If the filling is in one of your back teeth (such as molars and premolars), for a large filling the more clinically effective option may be an amalgam filling (a silver-coloured material).

Your dentist should explain the options to you in advance. If you prefer to have the white filling or any other cosmetic filling options, your dentist will be able to advise you on the private costs for such treatments, and the risks and benefits associated with it.”

My dentist went. private 12 years ago without informing us. His receptionist and nurse of many years left in disgust. Due to my very poor health my teeth suffer badly. I was medically retired before this happened and am unable to afford a dentist. How are people like myself supposed to cope? Oh yes we just suffer with the pain and eventually become toothless. Thanks Tonly Blair this is your doing!

I had two consultations at two different dentists within 6 months: one private and one NHS. The private one recommended five fillings, costing about £400. The NHS one said I didn’t need any. Still conflicted about who to believe…

I suggest a third opinion, Oscar.

I visit a private dentist and haven’t had any issues, but on the other hand my brother hadn’t been for some years after having a bad experience – pretty similar to Patrick. It put him off and he just wanted to stay away.

I visit the hygienist every 3 months and have a check-up every 6, which I think is pretty frequent – does anyone go more regularly?

I wish it was purely for a good whitening! But we have a bit of family history with gum issues – I’ve decided it’s better to be safe than sorry 😀

When I started work and a group of us rented a house we had, of course, some parties.I had access to a stock of “black light” UV lamps – mercury lamps in a Woods glass bulb, together with phosphor powder to paint decorations that glowed in the dark. It also gave most people whiter than white smiles.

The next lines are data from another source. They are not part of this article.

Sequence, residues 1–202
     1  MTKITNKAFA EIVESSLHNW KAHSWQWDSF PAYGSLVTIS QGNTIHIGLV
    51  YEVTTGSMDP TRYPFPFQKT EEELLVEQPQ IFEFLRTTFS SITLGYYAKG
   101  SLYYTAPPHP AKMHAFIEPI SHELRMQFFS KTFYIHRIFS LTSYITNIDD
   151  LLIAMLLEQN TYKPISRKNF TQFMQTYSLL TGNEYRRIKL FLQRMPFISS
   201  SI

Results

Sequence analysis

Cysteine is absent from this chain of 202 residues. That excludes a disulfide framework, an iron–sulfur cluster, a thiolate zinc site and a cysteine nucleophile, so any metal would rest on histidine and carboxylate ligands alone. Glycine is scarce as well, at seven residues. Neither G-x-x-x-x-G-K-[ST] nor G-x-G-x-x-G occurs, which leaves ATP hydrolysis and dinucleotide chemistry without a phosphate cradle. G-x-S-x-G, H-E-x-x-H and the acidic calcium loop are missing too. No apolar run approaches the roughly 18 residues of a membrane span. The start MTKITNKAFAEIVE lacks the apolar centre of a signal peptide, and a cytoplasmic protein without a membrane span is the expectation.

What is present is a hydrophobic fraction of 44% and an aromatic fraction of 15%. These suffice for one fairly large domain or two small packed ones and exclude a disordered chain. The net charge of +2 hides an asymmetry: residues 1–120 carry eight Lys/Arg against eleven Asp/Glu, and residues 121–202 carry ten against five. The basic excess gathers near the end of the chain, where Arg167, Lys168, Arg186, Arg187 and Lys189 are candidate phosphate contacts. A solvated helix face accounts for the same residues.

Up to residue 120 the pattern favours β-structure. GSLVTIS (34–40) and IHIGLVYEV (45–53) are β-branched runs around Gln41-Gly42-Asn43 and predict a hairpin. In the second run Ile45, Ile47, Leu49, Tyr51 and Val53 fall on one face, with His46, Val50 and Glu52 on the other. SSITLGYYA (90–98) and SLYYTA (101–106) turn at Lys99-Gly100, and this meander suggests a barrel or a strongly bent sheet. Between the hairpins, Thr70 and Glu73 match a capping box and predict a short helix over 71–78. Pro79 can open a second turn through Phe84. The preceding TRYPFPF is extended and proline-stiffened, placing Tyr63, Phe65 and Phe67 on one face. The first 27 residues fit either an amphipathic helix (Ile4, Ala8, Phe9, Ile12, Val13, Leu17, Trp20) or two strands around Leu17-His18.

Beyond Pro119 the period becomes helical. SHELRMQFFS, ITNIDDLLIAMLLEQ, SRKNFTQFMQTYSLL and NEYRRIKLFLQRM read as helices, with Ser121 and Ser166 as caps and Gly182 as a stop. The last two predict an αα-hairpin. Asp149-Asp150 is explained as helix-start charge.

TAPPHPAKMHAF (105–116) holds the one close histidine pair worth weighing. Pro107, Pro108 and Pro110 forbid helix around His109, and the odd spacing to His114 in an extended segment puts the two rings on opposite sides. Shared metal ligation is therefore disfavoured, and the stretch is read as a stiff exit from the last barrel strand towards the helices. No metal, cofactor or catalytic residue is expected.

Tooth whitening is considered to be safe if done properly but some of the DIY kits can contain higher concentrations of hydrogen peroxide and other chemicals, and they are not good for the gums: https://www.nhs.uk/live-well/healthy-body/teeth-whitening/

I have a crown on one of my upper front teeth. I broke this tooth at 8 years old and after some temporary crowns had a permanent one fitted at age 16. This stayed firmly fixed and gave no trouble and allowed me to bite as normal until I was 48. At which point my then dentist advised me to have it replaced for cosmetic reasons as my gums had shrunk back and the metal peg was visible at the gum line. I agreed and paid £100 to have it done. It fell out within a month and I had to pay to have it re-glued. The dentist said it was my fault it had fallen out as the metal peg was too short! And because I argued he refused to continue to accept me as a patient. I went to another dentist who suggested I have it replaced for cosmetic reasons and assured me she could do a better job as in her opinion the tooth was too long and protruded below its neighbour. I paid again. Two days later it came out while eating and I swallowed it! It was replaced free of charge this time but:- it does not fit snuggly to the gum line so you can still see the metal peg, it is longer than the tooth beside it and it is loose so I can no longer bite anything hard such as apples for fear it will come out. This was several years ago and I have not been to a dentist since. ( I am 63 now).

I think it’s worth mentioning the research on Alzheimer’s that’s recently produced a new strand of enquiry. “After decades of disappointment, we may have a new lead on fighting Alzheimer’s disease. Compelling evidence that the condition is caused by a bacterium involved in gum disease could prove a game-changer in tackling one of medicine’s biggest mysteries, and lead to effective treatments or even a vaccine.

As populations have aged, dementia has skyrocketed to become the fifth biggest cause of death worldwide. Alzheimer’s constitutes some 70 per cent of these cases (see “What is Alzheimer’s disease”), yet we don’t know what causes it.

Now researchers from Cortexyme and several universities have reported finding the two toxic enzymes that P. gingivalis uses to feed on human tissue in 99 and 96 per cent of 54 human Alzheimer’s brain samples taken from the hippocampus – a brain area important for memory (Science Advances, doi.org/gftvdt). These protein-degrading enzymes are called gingipains, and they were found in higher levels in brain tissue that also had more tau fragments and thus more cognitive decline.

The team also found genetic material from P. gingivalis in the cerebral cortex – a region involved in conceptual thinking – in all three Alzheimer’s brains they looked for it in.”

This suggests there may well be a link between gum disease and Alzheimer’s. The studies have been peer-reviewed by the journal Science Advances, and 14 of the 26 authors of the paper aren’t directly employed by Cortexyme.